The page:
This fall, after several delays, Disney’s remake of its classic 1998 animated film Mulan is finally out.
Jampacked with magic and epic battle scenes, the remake is a spin on the original story of a brave girl who disguises herself as a man and defends her country by enlisting in the army.
Despite all the hoopla, Mulan is now facing considerable backlash from viewers and human rights activists, and there are calls to boycott the film.
Early Controversy in 2019
The controversy surrounding Mulan stretches way back to August 2019, when lead actress Liu Yifei came under fire for her support of the crackdown by Hong Kong police on protestors. To learn more about the Hong Kong protests, read this earlier article.
Liu had quoted the words of a Chinese reporter Fu Guohao who said: “I support the Hong Kong police. You can all attack me now”. Fu had been cornered and beaten by pro-democracy protestors in Hong Kong, and his words have become a defining statement among supporters of the Chinese government, who consider the protestors violent radicals. However, it also sparked a backlash from proponents of the Hong Kong pro-democracy movement and the hashtag #BoycottMulan quickly emerged on Twitter.
And when the official movie trailer was released December 5, 2019, some fans of the original 1998 animated film were disappointed. Two popular characters, Mulan’s love interest General Li Shang and the comical miniature dragon Mushu, made no appearance. All songs, including the iconic “Reflection” and “I’ll Make a Man Out of You”, had also been removed. Meanwhile, viewers in China criticized the movie’s depiction of Chinese culture, reflected in the architecture, furniture, and clothing.
However, that wasn’t all the dragon fire Mulan had to face!
Controversy Over Human Rights
The second round of backlash ignited when viewers noticed Mulan’s final credits, in which Disney thanked eight major government bodies in Xinjiang, a province in western China.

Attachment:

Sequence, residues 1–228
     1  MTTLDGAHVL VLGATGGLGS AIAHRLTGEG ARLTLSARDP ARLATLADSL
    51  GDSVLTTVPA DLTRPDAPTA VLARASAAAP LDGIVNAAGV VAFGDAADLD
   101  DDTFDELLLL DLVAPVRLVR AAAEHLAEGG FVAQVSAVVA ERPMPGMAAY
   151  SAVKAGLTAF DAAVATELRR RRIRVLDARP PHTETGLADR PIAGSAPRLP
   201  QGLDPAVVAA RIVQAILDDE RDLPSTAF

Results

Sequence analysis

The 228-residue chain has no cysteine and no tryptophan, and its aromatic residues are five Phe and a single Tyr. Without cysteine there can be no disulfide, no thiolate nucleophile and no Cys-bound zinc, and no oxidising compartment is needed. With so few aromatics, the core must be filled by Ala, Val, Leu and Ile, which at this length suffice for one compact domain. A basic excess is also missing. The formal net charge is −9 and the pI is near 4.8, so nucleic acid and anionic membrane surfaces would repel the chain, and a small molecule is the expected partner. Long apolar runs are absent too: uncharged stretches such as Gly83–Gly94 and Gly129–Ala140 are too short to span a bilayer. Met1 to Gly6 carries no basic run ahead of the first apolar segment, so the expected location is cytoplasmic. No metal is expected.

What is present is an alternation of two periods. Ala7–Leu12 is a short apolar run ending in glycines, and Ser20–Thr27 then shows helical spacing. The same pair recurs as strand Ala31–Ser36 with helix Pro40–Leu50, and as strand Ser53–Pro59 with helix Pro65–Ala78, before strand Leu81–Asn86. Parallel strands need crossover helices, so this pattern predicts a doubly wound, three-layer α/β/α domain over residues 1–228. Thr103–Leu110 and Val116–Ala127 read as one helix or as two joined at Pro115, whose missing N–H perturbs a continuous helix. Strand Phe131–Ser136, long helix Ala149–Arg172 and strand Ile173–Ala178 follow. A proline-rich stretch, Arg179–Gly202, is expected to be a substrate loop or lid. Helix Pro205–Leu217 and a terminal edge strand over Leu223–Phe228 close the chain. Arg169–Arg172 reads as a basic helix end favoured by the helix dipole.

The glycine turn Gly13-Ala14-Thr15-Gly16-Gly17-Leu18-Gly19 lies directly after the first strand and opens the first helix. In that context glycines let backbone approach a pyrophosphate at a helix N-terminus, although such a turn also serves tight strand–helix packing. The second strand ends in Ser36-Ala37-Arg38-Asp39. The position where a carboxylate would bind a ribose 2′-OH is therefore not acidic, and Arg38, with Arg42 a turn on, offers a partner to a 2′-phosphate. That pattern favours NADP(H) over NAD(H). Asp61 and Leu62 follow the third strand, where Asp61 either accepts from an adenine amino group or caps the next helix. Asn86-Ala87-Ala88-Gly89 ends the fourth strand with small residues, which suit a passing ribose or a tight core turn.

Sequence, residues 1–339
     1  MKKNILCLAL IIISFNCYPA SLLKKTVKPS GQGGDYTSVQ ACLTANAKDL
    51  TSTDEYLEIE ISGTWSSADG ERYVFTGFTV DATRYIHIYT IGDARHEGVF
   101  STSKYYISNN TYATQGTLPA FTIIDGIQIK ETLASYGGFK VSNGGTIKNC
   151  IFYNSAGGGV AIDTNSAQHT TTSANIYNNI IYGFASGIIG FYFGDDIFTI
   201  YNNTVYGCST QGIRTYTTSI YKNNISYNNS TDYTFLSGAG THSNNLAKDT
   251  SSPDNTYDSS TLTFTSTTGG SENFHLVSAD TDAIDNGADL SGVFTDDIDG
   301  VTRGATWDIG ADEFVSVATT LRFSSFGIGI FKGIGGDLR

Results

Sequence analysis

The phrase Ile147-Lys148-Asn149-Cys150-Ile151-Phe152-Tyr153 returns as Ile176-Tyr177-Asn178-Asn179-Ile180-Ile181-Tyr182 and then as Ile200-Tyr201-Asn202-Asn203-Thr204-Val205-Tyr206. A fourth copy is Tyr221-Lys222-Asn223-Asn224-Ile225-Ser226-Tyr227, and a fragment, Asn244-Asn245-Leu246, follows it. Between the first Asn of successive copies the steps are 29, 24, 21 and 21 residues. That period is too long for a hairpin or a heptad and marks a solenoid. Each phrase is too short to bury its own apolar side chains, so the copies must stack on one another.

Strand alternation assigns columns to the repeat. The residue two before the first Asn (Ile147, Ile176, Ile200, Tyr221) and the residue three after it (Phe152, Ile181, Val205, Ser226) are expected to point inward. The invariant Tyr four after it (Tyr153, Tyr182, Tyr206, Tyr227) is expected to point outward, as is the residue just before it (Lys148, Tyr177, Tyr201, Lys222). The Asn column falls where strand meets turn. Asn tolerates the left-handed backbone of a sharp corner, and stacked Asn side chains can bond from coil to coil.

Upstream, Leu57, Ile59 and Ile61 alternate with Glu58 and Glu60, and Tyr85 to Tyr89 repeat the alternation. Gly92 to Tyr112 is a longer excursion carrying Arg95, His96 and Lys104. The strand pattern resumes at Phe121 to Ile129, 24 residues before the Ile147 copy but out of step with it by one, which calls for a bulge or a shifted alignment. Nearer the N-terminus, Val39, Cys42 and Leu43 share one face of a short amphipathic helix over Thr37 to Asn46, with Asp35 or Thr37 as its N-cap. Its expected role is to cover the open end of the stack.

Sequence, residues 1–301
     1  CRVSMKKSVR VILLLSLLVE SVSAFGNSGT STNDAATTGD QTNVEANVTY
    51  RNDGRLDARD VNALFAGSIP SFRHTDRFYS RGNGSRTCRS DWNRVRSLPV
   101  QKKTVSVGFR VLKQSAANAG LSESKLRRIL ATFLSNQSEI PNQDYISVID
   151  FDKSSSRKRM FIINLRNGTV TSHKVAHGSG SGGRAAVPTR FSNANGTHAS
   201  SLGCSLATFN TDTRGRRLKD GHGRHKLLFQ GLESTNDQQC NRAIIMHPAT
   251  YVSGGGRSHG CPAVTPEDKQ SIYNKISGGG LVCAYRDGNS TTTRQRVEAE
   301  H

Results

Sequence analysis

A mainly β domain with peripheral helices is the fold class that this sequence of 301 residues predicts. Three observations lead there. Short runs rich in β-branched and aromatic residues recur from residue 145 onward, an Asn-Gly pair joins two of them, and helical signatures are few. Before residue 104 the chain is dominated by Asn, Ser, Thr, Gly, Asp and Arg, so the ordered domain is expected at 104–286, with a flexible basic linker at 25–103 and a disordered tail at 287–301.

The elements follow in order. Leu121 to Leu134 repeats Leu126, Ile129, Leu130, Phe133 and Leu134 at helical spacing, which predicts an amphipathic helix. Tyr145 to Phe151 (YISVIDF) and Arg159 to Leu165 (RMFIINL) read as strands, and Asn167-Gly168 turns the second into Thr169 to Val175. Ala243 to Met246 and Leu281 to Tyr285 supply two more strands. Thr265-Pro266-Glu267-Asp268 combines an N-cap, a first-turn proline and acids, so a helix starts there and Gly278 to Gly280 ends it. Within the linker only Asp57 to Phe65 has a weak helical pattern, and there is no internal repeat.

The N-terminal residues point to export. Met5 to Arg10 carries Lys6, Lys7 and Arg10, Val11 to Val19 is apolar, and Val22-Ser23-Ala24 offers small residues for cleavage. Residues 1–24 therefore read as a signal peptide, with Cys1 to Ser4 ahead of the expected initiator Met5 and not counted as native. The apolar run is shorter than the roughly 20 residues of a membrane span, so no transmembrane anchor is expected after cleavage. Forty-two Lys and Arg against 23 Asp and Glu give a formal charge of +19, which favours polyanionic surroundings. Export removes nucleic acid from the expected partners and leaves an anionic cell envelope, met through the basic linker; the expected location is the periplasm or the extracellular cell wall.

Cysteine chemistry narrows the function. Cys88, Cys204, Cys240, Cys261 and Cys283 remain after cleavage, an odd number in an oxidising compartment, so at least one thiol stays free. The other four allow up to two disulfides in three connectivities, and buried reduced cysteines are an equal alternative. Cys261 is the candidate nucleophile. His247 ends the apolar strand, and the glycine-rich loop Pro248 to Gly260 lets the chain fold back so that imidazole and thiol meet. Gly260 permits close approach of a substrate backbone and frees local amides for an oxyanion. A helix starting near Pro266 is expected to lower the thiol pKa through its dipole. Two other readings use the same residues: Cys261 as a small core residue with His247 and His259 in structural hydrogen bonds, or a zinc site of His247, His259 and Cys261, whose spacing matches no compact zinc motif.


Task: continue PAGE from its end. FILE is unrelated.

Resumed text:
Xinjiang has drawn attention in recent years for its detention camps for the “reeducation” of the ethnic Muslim Uighurs and other minorities. Human rights organizations have denounced this program as an attempt by the Chinese government to repress Uighurs and their culture through detention, brainwashing, family separation, torture, abuse, and forced sterilization.
The organizations mentioned by Disney included prominent propaganda departments in Xinjiang, and most significantly, the Turpan police security bureau, which runs several Uighur internment camps and is listed as involved in “human rights violations and abuses” by the U.S. Government.
Human rights organization Amnesty International has called on Disney to reveal its human rights diligence report. And Republican Senator Josh Hawley of Missouri has questioned Disney’s connections to the Chinese government and asked whether Disney is aware of human rights violations in Xinjiang.
At a press conference. Disney's Chief Financial Officer Christine McCarthy defended Disney’s actions. She said that the movie was filmed in 20 locations in China to maintain diverse and historically accurate scenery, and that acknowledging national and local governments that provided permission is standard practice.
What do you think of the controversy? Are you planning to watch the movie or boycott it?
Sources: NY Times, CNN, Vox, Guardian, Time, Fox News